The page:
The vast web of federal employment laws gives many employees protection from discrimination. Whistle-blowers, military service members, members of minority groups, workers age 40 or older, disabled employees and those who have taken family or medical leave all qualify for some sort of discrimination protection.
Firing any member of those worker classes opens an employer to a potential lawsuit.
WHAT’S NEW: Two recent U.S. Supreme Court decisions have broadened worker protections. In one case, the court ruled that it may be retaliation if an employer fires the fiancé of an employee who has filed a discrimination complaint.
In another case, an employee who was also a member of the armed forces won when he demonstrated that, even though the supervisor who decided to fire him bore no anti-military bias, those who supplied information used in his termination did. This theory—known as the “cat’s paw” theory—postulates that supervisors who are unwittingly manipulated into disciplining or firing a worker must do more than just rubber-stamp other supervisors’ findings.
HOW TO COMPLY: The Supreme Court has clearly signaled its unwillingness to tolerate even the appearance of circumventing the nation’s anti-discrimination laws. Employers must have investigative procedures in place to help guide decision-making when an employee could be disciplined or terminated.
When to investigate
Any of the following could trigger a workplace investigation:
- Suspected misconduct
- Rule violations
- Sudden change in employee behavior
- Suspected substance abuse
- Discrimination or harassment complaints
- Employee threats
- Instances of vandalism, sabotage or workplace theft.
Use common sense when deciding whether to investigate. For example, you do not have to wait for an employee to file a harassment charge. If a manager or supervisor has reason to believe harassment may have occurred, you should investigate.
Have procedures in place
These tips apply to virtually all investigative situations:
- Step back. Avoid judging the situation until you have all the facts. Keep an open mind and let the facts guide the investigation.
- Identify the issues. Write down what you know and what you must find out. Identify obstacles to finding the facts—things such as office politics, personal relationships, , etc. Get backing from a key superior if necessary, but let it be known you will seek the facts, and those who hinder the investigation may face disciplinary measures—and those who co-operate will be protected.
- Consider seeking legal advice. Weigh whether to involve your attorney at the outset, especially if there are red flags of potential liability. Run your investigation procedures by your attorney to determine if they are adequate. If the situation might be better handled by an outsider, see if your attorney (or someone he or she recommends) would be better suited to run the investigation.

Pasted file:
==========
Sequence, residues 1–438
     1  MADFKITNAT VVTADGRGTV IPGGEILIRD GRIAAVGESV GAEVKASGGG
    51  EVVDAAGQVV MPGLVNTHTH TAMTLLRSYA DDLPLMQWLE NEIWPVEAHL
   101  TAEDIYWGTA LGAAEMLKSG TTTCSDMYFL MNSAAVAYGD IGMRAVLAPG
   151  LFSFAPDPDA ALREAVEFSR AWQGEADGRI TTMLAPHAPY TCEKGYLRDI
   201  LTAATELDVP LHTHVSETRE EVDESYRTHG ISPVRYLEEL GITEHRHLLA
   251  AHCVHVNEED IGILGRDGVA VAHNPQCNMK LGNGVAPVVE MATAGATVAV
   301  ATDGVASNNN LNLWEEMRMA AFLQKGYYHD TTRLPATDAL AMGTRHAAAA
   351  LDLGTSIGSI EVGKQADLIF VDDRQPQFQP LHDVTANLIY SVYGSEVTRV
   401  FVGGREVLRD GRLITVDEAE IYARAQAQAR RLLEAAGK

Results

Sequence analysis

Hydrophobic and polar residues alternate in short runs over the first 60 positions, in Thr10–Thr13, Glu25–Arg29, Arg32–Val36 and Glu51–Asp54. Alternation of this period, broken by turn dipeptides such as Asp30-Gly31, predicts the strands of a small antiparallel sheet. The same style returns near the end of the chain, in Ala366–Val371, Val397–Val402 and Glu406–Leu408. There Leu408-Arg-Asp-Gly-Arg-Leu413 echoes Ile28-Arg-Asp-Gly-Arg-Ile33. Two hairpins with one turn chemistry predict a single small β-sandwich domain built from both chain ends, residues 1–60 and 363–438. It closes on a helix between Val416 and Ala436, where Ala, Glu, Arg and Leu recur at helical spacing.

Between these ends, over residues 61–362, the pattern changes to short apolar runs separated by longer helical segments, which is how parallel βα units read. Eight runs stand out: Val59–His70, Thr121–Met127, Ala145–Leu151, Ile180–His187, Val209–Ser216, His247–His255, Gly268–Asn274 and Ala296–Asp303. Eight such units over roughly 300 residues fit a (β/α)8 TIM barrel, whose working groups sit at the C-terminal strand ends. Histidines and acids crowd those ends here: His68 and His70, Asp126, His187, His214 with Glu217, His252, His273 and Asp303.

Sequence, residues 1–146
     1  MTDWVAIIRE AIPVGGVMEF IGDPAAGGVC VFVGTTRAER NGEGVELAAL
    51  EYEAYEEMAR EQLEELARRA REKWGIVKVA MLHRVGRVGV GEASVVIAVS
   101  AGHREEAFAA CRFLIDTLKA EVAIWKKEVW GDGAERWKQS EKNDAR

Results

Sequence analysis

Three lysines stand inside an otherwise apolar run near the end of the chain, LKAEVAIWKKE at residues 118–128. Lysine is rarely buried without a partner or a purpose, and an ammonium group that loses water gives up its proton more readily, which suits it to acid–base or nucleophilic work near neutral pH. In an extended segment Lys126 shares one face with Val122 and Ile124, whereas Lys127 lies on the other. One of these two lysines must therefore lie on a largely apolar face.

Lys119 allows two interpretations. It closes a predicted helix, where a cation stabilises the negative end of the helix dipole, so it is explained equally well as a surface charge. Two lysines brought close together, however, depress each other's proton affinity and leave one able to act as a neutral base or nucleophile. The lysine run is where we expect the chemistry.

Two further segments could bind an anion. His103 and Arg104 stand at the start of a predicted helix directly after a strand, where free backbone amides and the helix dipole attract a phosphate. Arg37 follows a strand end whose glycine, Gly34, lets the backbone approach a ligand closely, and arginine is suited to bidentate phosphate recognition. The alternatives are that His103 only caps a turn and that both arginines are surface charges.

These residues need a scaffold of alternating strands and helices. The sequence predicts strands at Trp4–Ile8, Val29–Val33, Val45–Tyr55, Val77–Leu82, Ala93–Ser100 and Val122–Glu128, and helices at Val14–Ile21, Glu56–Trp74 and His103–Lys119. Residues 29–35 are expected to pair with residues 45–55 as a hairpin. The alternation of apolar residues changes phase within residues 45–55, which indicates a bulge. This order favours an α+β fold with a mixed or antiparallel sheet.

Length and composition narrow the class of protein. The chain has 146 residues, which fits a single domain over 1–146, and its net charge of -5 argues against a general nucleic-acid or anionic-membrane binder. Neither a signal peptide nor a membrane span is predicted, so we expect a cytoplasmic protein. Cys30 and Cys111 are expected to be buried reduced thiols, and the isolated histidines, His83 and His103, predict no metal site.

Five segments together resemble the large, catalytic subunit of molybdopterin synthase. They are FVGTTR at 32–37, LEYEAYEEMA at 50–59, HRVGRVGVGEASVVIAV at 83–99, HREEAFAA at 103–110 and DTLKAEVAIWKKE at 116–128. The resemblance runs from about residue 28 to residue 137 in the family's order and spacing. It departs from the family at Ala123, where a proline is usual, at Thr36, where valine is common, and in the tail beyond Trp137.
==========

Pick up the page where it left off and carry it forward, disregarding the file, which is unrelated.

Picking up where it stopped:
- Maintain confidentiality. Identify those who need to know about your investigation and what they need to know to do their jobs. Similarly, maintain all confidential information in secure files separate from any employee’s file.
Gather the information
Prepare for each interview by identifying the questions to be asked ahead of time. As responses dictate other investigative avenues, follow them to their conclusion, but return to the prepared questions and make sure they are all answered completely.
Start with broad questions and then narrow to specific issues. Once the witness answers the prepared questions, ask follow-up questions such as, “Is there anything else I should know about? Do you have any other concerns?”
Interviewers shouldn’t tip their hand to witnesses. They should ask questions in a balanced way, with the intent of determining facts. Any other approach could be interpreted as an attempt to influence the witnesses’ answers.
Make a determination
After gathering sufficient information, investigators must determine what happened and craft an appropriate response. If the investigator concludes an employee should be disciplined or terminated, confer with everyone involved. Appoint a devil’s advocate to take the side of the employee. That helps avoid groupthink.
It’s a good idea to have your attorney present at this meeting. He or she can hear all sides of the issue, and alert you to possible liabilities that could result from any action or inaction.
Preserve for posterity
Preserve all documentation including question lists, witness statements and notes about your deliberations. You may need them in court someday.
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